4G/LTE Antennas: PFC, SMD and Ceramic


4G/LTE is the fourth generation of broadband cellular technology that was released in 2009. It brought with it significant upgrades from the existing 3G network in terms of speeds and bandwidth. In 2010, its definition was expanded to include Long Term Evolution to further increase capacity and speed using a different radio interface together with core network improvements.


What are the features of 4G/LTE?

Since its introduction, 4G/LTE has become well-established and widely available, with a strong track record for reliability and network stability. Currently, 4G/LTE works in parallel with 5G networks, each offering different features for specified applications.

4G/LTE exhibits realistic peak speeds of around 35 Mbps, latency at approximately 50ms, and a device density of 2000 devices per square kilometre. The cellular technology operates on a wideband network, ranging from 700 MHz to 2600 MHz frequency bands. Because of this, devices need multi-band LTE antennas in order to provide sufficient speeds on wide-coverage networks and meet certification requirements. Moreover, the availability of specific 4G/LTE frequency bands differs depending on the region and operator, requiring cross-region LTE antennas for devices that operate across multiple areas.

Types of antenna

What are the types of 4G/LTE antennas?

Due to the multi-band antenna requirement for devices to meet certification on 4G/LTE, there are size challenges when it comes to compact designs. This is because embedded antennas have only one radiator, and require a conductive ground plane that functions as a second radiator.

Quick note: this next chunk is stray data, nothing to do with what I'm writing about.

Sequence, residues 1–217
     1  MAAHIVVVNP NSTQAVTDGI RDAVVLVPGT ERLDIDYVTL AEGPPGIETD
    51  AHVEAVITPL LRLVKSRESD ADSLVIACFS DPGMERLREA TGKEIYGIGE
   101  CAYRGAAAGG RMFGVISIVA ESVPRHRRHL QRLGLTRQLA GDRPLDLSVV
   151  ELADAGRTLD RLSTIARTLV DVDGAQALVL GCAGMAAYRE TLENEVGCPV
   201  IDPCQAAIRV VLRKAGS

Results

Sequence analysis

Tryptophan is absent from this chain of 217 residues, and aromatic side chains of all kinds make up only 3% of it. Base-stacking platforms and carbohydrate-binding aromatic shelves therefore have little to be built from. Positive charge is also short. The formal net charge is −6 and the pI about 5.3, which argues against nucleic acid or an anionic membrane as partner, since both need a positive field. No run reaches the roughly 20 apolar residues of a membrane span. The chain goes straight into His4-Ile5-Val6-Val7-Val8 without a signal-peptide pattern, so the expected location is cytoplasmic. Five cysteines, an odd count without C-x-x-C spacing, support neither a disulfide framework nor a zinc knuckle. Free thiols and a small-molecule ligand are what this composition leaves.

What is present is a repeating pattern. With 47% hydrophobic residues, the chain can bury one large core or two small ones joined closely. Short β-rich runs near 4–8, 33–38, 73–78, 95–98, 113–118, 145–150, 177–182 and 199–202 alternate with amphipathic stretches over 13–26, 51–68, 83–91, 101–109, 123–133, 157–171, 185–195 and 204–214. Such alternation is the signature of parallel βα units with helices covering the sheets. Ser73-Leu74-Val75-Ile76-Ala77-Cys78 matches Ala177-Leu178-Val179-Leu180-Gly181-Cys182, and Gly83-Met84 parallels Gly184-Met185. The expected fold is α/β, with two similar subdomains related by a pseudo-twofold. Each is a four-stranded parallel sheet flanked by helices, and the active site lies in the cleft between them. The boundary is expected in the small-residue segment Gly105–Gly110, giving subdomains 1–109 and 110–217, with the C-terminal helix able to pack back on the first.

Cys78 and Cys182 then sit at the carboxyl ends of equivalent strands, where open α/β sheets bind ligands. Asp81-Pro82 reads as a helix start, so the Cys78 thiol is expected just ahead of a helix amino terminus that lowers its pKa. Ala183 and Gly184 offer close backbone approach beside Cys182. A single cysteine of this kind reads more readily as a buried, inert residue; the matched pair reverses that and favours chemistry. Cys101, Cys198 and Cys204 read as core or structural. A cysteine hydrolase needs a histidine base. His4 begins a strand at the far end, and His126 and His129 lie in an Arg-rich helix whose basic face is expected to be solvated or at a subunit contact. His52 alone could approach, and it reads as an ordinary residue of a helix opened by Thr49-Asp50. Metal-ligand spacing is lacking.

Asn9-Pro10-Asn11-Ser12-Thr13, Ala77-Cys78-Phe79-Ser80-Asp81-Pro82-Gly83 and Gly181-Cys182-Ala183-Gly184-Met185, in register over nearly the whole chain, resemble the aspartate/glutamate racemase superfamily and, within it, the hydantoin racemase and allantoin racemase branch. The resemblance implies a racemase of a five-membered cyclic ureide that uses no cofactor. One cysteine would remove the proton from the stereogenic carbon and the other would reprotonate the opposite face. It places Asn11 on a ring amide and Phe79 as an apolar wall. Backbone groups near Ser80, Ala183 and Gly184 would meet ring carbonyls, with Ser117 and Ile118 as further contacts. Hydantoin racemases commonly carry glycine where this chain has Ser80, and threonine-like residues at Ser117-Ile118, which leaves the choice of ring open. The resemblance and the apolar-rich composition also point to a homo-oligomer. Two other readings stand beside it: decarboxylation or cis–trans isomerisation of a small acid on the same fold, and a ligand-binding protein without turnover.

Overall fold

The ground plane of an embedded antenna must be at least a quarter wavelength of their lowest frequency signal to function; if the ground plane is too short for the specific frequency band, the antenna will lose TRP (total radiated power) and efficiency. As wave frequency is inversely proportional to its wavelength, multi-band antennas require larger ground planes to efficiently function on the lower bands and meet certification. Because of this integration challenge, there are different types of 4G/LTE antennas offered to suit a range of device designs.


Surface-mounted antennas are the forerunners of miniature embedded chip antennas. They are mounted directly onto the host PCB of a device, and were the first form of embedded antenna to substitute its terminal and external counterparts. SMD chip antennas are simple to integrate with low part cost and compact size, as well as being suitable for high-volume manufacturing using pick-and-place machinery. However, as these antennas are placed alongside components on a PCB, they are susceptible to component noise and interference that can impact wireless performance.

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Best for your device

What type of 4G/LTE antenna is best for your device?

Positioning and placement

For complex device designs with a multitude of internal components, interference and noise can become an issue for a range of antennas. In these cases, FPC low-profile LTE antennas can be placed away from noisy components without jeopardising performance and efficiency.

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Discover the perfect 4G/LTE antennas solution with Antenova

At Antenova, we offer a range of integration guides, antenna solutions and a thorough integration hub to help you find the perfect 4G/LTE solution for your device. Better yet, our 4G/LTE antennas take all the factors of placement, performance and size into one easy to integrate package; all you need to do is pick out (and place) which one works best for your specific device. For guidance on how to arrive at the perfect wireless solution for 4G/LTE, contact a member of our team today.

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